Like many of my fellow travellers we had some awesome trips planned for 2020. Personally, 2020 was the “Year of Travel!” In January, I had just gotten back from Barcelona. In February, I went to Cabo, Baja California Sur, Mexico; Austin, Texas; and Los Angeles, California. In July, I was going to go to Afro Punk in Paris and return to Barcelona in August with my mom and cousin.
Yea, I had it ALL planned out, then…CORONAVIRUS (Cardi B Voice)!
Not only did coronavirus wipe out my travel plans, it added my anxiety.
This virus uncovered the viruses long plaguing the United States of America.
2) Lack of Universal Healthcare
3) Wages of the working class
The virus that impacts me the most is racism. In the Spring, when new life is supposed to flourish, life was being taken away. I watched Amhaud Arbery get gunned down by racists. I saw pictures of George Floyd, before the breathe literally left his body. Breonna Taylor’s name echoed in my head and in my spirit. Rayshard Brooks, gunned down in Atlanta, for falling asleep in his car, something that happened to my brother only two years ago. My hometown, Stone Mountain, was once again reliving the ugly history that it has tried to heal and grow from as militias divided by skin color first then ideals converged into the streets of places that I chose to give tours to teach others about my hometown.
Yes, this country is falling a part by people who hate others for the things that cannot control: their skin color.
An escape to Europe would have been the ideal remedy to take a break from the coronavirus and the racism virus, but that is definitely a no-go at this time.
So I took small escapes, but the anxiety of the coronavirus and racism virus stayed with me and amplified the anxiety I already had.
My mom, brother, and I took Mother’s Day trip to Fort Walton Beach, Florida. While I was sooo excited to travel to the beach after two months and 10 pounds of quarantine yet, I was just as anxious. Now you may ask yourself why? Let me tell you. In order to travel to Fort Walton Beach from Atlanta, you drive on an Alabama back road to reach the gulf. A black family and their dog passing through towns with confederate flags plastered or flying from trailers, jacked up trucks, and business buildings you get the hint that people who look like you aren’t welcome.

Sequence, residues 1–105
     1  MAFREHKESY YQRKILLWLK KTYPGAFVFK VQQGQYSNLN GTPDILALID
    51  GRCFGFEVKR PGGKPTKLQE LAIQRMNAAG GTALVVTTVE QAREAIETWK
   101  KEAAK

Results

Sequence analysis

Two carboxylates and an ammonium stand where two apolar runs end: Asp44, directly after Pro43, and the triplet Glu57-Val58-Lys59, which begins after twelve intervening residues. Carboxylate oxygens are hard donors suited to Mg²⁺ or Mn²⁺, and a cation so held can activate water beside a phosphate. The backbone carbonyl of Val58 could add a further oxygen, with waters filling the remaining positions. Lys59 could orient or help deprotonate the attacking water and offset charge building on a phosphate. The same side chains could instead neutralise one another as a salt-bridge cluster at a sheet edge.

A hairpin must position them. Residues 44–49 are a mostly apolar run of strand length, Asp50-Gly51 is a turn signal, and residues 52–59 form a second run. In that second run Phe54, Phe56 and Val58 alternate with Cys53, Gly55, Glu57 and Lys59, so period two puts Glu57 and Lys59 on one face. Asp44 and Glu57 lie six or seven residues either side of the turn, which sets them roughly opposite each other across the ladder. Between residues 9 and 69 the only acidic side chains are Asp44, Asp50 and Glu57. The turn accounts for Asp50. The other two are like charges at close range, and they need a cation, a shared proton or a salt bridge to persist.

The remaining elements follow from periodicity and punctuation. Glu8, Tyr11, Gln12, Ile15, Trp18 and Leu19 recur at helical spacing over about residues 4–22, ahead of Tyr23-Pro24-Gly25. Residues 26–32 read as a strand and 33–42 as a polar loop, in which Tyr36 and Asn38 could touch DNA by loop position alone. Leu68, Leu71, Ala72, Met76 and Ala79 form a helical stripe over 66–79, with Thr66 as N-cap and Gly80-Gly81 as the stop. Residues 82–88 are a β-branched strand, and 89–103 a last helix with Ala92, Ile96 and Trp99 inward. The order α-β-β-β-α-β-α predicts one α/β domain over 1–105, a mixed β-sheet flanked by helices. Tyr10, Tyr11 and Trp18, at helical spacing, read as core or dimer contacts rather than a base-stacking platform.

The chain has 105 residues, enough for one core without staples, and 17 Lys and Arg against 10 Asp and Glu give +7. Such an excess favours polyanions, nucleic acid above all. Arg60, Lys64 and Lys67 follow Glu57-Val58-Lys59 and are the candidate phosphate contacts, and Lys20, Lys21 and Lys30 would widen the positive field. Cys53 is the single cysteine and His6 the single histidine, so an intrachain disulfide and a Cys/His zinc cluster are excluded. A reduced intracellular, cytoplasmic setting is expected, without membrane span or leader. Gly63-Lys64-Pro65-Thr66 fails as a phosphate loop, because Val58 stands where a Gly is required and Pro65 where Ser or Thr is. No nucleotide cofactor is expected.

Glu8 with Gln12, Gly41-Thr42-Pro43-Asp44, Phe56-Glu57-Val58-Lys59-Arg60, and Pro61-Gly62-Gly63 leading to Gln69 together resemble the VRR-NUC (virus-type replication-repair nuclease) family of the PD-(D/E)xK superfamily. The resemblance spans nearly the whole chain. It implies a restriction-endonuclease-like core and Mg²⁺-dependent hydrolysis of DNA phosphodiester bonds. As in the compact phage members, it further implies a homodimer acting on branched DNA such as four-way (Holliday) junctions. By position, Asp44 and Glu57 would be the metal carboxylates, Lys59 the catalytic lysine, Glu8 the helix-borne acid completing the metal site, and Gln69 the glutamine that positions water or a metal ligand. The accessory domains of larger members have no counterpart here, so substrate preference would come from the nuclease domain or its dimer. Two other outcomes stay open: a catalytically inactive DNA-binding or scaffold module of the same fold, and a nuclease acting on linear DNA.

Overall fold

Instead of flying from Atlanta to Miami and Miami to Barcelona for our annual mother-daughter trip we went from Atlanta to Myrtle Beach to Charleston to Asheville. This trip was less anxious for me because I was with my mom. I only became really anxious when we were driving back from Charleston to Myrtle Beach. It was pitch black outside on a back country road in South Carolina. I was not afraid of hitting a deer or getting into a crash I was afraid of the police. Now you are probably thinking, well if you weren’t doing anything wrong why would you be afraid of the police. I will tell you why. I watched Philando Castile get shot in the car, with his girlfriend and his daughter in the car with him. A broken taillight warranted a fatal punishment. As an African-American in this country you don’t have to commit a crime to get pulled over. The color of your skin is enough of a crime. Sandra Bland was pulled over for failing to signal. She later died in jail. She was arrested…for failing to signal.
My friends and I spent a weekend in North Georgia/South Tennessee. On the way we saw the confederate flags (far less than expected) but still there. The mindset still there. The racism still there. My friends will tell you that I was very afraid during this trip. I don’t think they have ever seen me so anxious. I am always the friend who says outrageous things. I try to tell jokes to keep others happy and smiling. I didn’t really know how to talk to them about my fear as I don’t think they will totally understand, but I force myself to share and talk to them, because I need to. They are my small hopes that non-blacks can sympathize and even empathize with what this Black woman is feeling.
Now I am home. Still anxious, but planning yet another trip. Travel IS my drug. It is MY ESCAPE. I use it to run-a-way from reality. But in the States reality is not so easy to escape. Whilst some travellers worry about contracting COVID-19. I worry about encountering racism. I hope this country finally changes. I hope the amount of melanin in a person’s skin stops crippling this “great” nation.
I am an anxious traveller. I will push through my anxiety.
I am grateful for my family and friends for helping me through and listening to me. Love you all.